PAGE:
Though the thought of monkeys being poked and prodded in a laboratory is less than appealing to me, I would rather have it be a monkey than a human being. 
 
 




Post 7

Thursday, September 23, 2004 - 12:15pmSanction this postReply
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"P.S. Marcus, Hitler liked ice cream. DO YOU???"

He also liked beautiful women, Walt Disney's Snow White, Broadway musicals (especially those featuring Fred Astaire), representational art, and the music of Puccini and Franz Lehar.

That Hitler liked or disliked something is hardly a sound standard of ethical judgement, methinks.




Post 8

Thursday, September 23, 2004 - 12:55pmSanction this postReply
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Mr. Cresswell is slightly sensitive to these Hitler allusions. Hitler was a vegetarian who liked Wagner. Mr Cresswell is a vegetarian who likes Wagner. Hahaha!

Linz :-)



Post 9

Thursday, September 23, 2004 - 12:56pmSanction this postReply
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Jennifer- I agree with all you say and would never mean to imply any sanction to the animal rights extremists. However, my connection with animals is beyond just those that belong to me. I understand the differences that the word "rational" brings to the definition of man as "rational animal", but I also understand, more than many here, it seems, the "animal" part of that definition, too. We do not know what the higher animals experience. I find Rand's "perceptual animal" vs. "conceptual man" definition neat, but unproven. Whatever turns out to be true, it is undeniable that higher animals "feel" things. I think that humans have obligations of conduct from that fact, but I haven't worked out what that means yet. Does anyone agree with this? Has anyone thought it through?



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Post 10

Thursday, September 23, 2004 - 12:57pmSanction this postReply
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"This argument however is flawed. First, the natural state of affairs of animals is not one of “humane dignity” but of harsh conditions with pain and cruelty from fellow animals and an unforgiving environment..." As PJ O'Rourke used to say, ethics is for humans: you can tell the lion all you like that it's wrong, but he'll still chew the guts right out of Bambi.

The call for 'animal rights' is part of an unwelcome trend  in which less and less sentient things are accorded the status of having rights, thus giving status to bearded numb-knuts who claim (somehow) to 'speak for' such things. In this country (New Zealand) we have laws protecting the 'rights' of trees, rocks, mud puddles, and sand dunes, and we have assorted entities crawling over each other eager to speak for them, and (not incidentally) to be paid by the state to do so.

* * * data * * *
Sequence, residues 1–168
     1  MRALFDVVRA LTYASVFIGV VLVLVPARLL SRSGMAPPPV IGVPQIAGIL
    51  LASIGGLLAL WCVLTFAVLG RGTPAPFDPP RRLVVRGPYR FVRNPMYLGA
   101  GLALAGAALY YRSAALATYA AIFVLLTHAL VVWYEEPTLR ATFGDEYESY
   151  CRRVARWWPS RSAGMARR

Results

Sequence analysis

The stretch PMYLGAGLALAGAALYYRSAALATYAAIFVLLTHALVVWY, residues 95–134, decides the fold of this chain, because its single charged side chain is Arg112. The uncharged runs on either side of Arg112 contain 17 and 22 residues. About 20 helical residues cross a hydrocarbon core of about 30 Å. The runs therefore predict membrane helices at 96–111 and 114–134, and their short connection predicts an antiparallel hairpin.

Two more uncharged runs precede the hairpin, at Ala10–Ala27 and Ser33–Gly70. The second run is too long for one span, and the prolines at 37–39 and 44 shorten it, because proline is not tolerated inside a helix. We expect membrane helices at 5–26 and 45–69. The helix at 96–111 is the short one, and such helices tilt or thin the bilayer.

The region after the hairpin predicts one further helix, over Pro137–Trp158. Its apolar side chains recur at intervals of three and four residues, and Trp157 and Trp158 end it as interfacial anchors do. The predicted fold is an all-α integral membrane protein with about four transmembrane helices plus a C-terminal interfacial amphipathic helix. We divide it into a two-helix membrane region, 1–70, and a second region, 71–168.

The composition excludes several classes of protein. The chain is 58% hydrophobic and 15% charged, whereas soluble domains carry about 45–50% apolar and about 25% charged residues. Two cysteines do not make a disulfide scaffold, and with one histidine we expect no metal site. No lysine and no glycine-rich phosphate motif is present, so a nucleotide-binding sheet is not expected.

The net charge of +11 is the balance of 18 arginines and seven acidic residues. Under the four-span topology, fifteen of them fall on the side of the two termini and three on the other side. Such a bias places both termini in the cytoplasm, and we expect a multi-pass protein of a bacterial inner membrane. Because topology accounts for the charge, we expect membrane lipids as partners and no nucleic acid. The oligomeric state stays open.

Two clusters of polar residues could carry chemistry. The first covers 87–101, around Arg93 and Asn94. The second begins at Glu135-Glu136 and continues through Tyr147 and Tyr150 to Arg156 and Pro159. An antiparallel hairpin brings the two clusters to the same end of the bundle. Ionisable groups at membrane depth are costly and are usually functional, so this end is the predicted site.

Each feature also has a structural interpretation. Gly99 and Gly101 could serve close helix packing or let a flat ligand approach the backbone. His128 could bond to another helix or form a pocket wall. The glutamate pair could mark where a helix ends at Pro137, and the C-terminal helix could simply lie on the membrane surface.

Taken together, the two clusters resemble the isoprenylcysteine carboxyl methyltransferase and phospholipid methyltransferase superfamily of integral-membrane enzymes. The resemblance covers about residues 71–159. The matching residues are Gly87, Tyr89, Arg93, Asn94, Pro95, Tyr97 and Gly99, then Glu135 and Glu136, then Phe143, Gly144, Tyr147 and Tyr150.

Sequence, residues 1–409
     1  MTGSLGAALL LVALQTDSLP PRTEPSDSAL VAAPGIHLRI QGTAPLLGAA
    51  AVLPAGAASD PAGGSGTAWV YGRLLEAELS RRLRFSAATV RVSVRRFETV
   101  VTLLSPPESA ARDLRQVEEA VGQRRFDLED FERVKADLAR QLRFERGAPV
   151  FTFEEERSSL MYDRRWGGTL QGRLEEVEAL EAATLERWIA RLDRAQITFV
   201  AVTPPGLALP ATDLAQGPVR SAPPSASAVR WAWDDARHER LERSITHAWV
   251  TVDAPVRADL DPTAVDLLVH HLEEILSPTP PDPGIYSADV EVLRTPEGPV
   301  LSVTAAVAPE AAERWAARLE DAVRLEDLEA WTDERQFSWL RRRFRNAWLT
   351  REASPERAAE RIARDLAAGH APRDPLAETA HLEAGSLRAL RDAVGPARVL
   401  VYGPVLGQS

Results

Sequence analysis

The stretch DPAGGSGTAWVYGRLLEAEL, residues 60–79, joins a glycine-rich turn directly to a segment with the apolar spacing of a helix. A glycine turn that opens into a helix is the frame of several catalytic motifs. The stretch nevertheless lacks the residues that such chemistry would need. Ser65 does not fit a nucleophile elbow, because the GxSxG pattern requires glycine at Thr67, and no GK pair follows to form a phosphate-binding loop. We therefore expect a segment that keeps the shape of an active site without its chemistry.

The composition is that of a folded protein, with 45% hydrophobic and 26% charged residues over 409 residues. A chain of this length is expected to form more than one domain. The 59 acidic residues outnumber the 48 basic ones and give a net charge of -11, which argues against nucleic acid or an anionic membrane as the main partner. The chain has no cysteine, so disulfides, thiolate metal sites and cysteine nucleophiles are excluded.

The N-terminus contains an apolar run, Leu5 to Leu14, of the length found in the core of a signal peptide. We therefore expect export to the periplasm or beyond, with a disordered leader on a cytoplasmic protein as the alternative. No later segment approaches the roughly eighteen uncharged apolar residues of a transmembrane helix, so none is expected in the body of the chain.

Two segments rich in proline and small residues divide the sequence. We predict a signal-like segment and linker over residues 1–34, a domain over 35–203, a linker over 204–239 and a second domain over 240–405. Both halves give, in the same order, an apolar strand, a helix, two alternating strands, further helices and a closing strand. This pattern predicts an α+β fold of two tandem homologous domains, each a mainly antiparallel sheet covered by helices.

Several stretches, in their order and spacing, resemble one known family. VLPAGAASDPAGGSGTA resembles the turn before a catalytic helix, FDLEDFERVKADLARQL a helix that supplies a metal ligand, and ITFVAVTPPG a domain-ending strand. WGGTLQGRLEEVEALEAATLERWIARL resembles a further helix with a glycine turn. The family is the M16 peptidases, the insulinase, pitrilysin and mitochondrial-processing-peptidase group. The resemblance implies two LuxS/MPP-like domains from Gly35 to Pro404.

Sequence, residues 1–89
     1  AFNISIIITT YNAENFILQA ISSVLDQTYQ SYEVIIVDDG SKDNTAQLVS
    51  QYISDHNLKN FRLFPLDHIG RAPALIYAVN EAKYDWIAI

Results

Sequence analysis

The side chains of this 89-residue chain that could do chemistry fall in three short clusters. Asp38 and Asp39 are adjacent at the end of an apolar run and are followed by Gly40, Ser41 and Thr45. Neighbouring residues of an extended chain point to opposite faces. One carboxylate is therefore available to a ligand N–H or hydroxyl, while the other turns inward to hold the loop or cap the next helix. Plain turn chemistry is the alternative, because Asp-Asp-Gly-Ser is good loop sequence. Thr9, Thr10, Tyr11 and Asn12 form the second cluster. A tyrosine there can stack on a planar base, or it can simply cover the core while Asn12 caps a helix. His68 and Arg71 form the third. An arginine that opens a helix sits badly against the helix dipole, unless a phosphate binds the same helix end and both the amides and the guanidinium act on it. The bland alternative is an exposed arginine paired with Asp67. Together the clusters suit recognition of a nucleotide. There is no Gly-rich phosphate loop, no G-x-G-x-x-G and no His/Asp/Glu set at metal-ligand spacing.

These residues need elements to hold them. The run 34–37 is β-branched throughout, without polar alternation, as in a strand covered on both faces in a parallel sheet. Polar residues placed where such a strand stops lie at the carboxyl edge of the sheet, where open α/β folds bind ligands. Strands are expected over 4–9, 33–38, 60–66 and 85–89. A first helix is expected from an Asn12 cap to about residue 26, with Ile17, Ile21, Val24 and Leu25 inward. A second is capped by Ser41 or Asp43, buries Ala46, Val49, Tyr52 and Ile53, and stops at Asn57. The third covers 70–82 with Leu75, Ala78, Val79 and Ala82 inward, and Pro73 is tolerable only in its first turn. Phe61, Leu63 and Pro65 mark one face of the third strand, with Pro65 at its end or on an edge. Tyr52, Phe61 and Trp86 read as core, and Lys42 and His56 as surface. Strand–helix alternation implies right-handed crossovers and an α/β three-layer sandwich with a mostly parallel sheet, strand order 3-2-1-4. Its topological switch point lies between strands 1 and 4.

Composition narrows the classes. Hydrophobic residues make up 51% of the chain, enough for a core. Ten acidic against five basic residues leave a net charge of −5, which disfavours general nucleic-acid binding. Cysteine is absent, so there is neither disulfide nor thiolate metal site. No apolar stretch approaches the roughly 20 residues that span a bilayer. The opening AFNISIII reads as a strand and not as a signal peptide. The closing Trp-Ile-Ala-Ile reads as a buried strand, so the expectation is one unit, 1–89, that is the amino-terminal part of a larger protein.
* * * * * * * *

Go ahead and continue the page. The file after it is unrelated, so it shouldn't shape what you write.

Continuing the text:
I think the only valid legal protection available comes from the fact that animals are generally owned by someone possessing rights, and the law should reflect the high regard in which particular animals are held. Other than that, on this issue the law should be silent.




Post 11

Thursday, September 23, 2004 - 12:59pmSanction this postReply
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Hilter like "Snow White"? Can you imagine what Mel Brooks could do with that?
(Edited by James Kilbourne on 9/24, 11:52am)




Post 12

Thursday, September 23, 2004 - 12:26pmSanction this postReply
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Marcus

I don't think many Objectivists would disagree that animals don't have the same right to life as humans, or that purposely inflicting pain on animals is immoral and cruel. But the most difficult questions arise only when you consider the legal context for animal rights.

For instance, animals may not have a right to life, but should they have a legal right to not have unnecessary cruelty (or even just cruelty), inflicted on them? And if so, how should "unnecessary" and "cruelty" be defined, and who should define them?

Are you happy with the position adopted by some libertarians that anything goes as long as its on your own property? Or should animal rights be sorted out on a case-by-case issue, in which case we just leave it up to jurisprudence to sort it out?

(Just as an aside, the whole anti-hunting thing had me literally shaking with anger last week. I'm quite happy to go out and join the next protest if any UK-ites want to come with me).




Post 13

Thursday, September 23, 2004 - 1:08pmSanction this postReply
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Tim- I agree with every word you wrote. And every question, particularly.



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Post 14

Thursday, September 23, 2004 - 2:39pmSanction this postReply